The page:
“A Pacific Revolution” The Globe (27 June 1864)
By: The Globe
Citation: “A Pacific Revolution”, The Globe [Toronto] (27 June 1864).
A PACIFIC REVOLUTION.
(From the Kingston Daily News, Conservative)
The bloodless constitutional revolution which has been achieved by the combination of opposing political parties is a most important event in the history of this country, It is a preliminary step to the concentration of the colonial governments of British North America into a Federated Government, to which may be confidently entrusted by the mother country the independent nationality for which our granted independence in local government has been suitably preparing us. By the force of circumstances, the approach of which on one in Canada could have entertained a preconception, our public men have brought themselves to the same position that the public men of the Maritime Provinces were brought during last winter, simply by steadily pursuing the idea of federation from a belief in its advantages. The resolutions of the Lower Provincials to unite themselves into a Federation to be called Acidia, have now a counterpart in the determination which has been unexpectedly come to in Canada, to erect the Provinces of Canada East and Canada West, with perhaps the Red River Settlement, and the North-West Territory, into a similar Federative Government. And thus, as both colonial peoples are endeavouring, according to their own motives, and for immediate objects not altogether the same to set in working the principle of Federation, there is some hope that all the British colonists in the northern part of this continent may be brought together to devise a common defensive and commercial system, and to set up a form of government under which all our fellow colonists may cherish a common nationality, and be in a better position to resist the encroachments of an encroaching neighbour, [sic] either alternative of those encroachments taking the guise of a propaganda of specious principles or the hostile attitude of a people bent on conquest. Two great steps have been thus gained. The Federative principle is to be applied to Canada and the North-West, and an attempt is determined upon to enlarge the scope of the basis, and include the whole of the British settlements in contiguity with each other.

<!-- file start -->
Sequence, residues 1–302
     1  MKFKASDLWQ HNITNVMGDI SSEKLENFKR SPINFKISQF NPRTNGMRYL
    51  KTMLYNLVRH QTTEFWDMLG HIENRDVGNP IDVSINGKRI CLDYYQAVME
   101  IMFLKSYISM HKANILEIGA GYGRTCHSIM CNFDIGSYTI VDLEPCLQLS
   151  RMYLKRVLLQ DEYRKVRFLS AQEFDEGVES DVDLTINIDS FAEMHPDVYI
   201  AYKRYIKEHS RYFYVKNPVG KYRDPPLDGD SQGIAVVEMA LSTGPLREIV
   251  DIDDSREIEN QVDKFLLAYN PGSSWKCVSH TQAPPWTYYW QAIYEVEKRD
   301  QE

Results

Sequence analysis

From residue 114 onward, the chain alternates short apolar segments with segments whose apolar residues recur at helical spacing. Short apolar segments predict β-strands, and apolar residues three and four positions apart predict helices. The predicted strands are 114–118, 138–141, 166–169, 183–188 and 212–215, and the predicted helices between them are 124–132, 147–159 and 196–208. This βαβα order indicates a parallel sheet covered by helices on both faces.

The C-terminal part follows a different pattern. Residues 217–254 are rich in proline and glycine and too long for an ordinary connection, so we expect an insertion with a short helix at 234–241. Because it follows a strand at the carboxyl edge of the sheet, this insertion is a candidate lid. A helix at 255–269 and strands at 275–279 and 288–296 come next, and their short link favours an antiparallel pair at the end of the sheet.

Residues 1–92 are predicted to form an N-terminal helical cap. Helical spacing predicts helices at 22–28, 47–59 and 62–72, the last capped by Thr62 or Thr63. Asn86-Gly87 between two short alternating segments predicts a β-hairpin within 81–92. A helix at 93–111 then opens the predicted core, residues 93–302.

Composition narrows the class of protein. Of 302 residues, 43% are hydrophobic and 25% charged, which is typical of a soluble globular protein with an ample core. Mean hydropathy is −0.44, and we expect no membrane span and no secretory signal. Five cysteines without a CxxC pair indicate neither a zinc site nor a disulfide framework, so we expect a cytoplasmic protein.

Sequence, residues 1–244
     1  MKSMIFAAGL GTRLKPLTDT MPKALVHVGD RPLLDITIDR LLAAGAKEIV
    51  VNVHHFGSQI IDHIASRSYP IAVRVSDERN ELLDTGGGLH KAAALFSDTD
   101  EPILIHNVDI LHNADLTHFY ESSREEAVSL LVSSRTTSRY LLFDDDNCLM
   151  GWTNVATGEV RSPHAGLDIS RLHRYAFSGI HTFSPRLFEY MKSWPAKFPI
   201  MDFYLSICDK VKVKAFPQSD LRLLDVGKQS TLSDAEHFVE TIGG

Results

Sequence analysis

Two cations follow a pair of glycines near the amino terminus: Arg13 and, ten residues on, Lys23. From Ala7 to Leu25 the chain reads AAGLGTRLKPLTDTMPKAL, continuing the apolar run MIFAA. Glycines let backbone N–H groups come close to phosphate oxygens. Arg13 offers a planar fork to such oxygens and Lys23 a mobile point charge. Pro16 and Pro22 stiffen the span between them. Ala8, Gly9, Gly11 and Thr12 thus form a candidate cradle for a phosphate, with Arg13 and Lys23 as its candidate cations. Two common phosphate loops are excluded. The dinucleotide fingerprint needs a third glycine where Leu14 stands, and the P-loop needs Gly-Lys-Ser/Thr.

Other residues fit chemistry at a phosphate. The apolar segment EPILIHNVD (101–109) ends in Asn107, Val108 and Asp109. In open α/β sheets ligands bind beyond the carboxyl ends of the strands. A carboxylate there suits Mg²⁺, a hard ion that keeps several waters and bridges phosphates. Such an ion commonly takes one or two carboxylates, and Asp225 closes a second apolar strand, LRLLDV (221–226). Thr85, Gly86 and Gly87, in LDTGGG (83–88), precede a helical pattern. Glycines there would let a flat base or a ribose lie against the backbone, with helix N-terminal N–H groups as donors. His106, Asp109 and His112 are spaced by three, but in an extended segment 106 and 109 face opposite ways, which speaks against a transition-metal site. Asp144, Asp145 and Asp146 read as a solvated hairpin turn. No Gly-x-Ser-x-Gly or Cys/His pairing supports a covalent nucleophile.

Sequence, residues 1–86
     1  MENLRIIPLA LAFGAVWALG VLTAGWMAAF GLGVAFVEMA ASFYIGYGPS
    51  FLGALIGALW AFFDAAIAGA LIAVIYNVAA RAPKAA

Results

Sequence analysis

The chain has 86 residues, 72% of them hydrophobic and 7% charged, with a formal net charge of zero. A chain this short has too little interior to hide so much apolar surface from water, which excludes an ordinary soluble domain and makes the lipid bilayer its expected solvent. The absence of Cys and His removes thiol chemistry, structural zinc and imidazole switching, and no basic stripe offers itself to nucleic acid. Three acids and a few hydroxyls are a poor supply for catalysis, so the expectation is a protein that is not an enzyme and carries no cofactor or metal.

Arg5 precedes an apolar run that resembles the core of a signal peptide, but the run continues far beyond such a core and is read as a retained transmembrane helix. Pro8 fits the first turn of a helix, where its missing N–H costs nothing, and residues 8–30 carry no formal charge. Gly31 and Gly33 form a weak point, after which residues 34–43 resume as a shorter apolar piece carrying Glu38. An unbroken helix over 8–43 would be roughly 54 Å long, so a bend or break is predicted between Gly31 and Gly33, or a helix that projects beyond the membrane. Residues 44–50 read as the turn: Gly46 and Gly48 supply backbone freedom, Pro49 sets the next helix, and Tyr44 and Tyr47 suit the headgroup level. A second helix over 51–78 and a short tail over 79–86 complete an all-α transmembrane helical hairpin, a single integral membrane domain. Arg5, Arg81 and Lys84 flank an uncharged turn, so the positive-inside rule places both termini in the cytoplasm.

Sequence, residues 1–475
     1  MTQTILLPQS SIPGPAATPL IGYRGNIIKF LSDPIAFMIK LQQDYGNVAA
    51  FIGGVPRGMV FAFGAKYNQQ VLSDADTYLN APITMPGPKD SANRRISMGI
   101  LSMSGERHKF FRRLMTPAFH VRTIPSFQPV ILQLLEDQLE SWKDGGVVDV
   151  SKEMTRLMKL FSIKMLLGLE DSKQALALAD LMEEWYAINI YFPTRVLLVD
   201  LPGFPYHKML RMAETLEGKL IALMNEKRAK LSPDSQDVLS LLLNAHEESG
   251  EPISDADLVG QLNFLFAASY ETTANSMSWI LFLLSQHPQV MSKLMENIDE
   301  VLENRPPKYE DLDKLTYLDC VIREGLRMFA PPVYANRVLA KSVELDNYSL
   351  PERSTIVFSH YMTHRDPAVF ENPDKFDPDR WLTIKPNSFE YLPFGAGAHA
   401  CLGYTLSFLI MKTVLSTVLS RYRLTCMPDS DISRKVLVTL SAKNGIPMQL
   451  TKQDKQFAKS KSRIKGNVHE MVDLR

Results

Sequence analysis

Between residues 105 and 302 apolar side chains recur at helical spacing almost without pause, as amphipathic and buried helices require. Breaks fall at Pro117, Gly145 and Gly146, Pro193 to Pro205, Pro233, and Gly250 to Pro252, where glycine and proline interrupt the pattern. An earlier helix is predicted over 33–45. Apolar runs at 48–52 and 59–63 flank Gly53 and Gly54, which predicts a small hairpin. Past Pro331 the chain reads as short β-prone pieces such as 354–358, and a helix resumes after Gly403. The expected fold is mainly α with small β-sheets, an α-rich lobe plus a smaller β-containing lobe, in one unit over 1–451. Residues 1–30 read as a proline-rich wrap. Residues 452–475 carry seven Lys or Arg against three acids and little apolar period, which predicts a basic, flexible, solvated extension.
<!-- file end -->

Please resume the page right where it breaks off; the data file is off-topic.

So far, not a doubt has been raised as to the effect of the carrying out of the federative principle between the Canadas. It is believed that it will accomplish what it is intended to accomplish – the abatement of sectional difficulties. It should not, we think, be accepted as a panacea for all political ills, and a sure preventive of sectionalism, so far as the latter is the offspring of jealous feeling; for the Americans, as we have seen in our own day, have permitted their feelings to overstep all the barriers of a federal organization; but the new plan man be accepted as a remedy to overcome the difficulties which have so far perplexed the country.
But the [sic] and stipulations of the plan to be adopted are the chief matters. Until they are framed and settled, the opinion of the public with naturally be held in reserve – content only with expressing a satisfaction that so much has been already accomplished towards the great end. The next session of Parliament, which is to witness the perfection of the measure, the principle of which is now agreed to, will be a most interesting one on this very account. The changes in the personnel of the Upper Canada section of Cabinet, which are to be brought about during the vacation, will also have an important interest, the more so as they are likely to include the removal from governmental life – perhaps a final removal – of one who has played a distinctive part in the recent legislation of our country. Mr. Brown, the head of the dominant Upper Canada party, is to become a Minister, but who is it that is to give place for him? We doubt not the result will surprise many. It will doubtless be of a nature to make Mr. Brown’s acceptance of office more agreeable on personal grounds, and many do much to deprive the present astonishing coalition of the feature which seems to mark a political inconsistency on the part of one or both.
The paper giving an account of the Ministerial explanations has been printed in official form, and is incorporated in the Parliamentary report. The length of the debate and the limited space at our disposal enforces a division of the report. Mr. Brown’s speech is incomplete, but will be continued in our next. Enough is given to show its general character. While the Attorney General read the memorandum of explanations there was a most attentive silence in the House, and during Mr. Brown’s speech there was a deep and eager attention interrupted only by the heartiness of the applause at the avowals which he made, that what he had done he had done solely for the advantage of his country.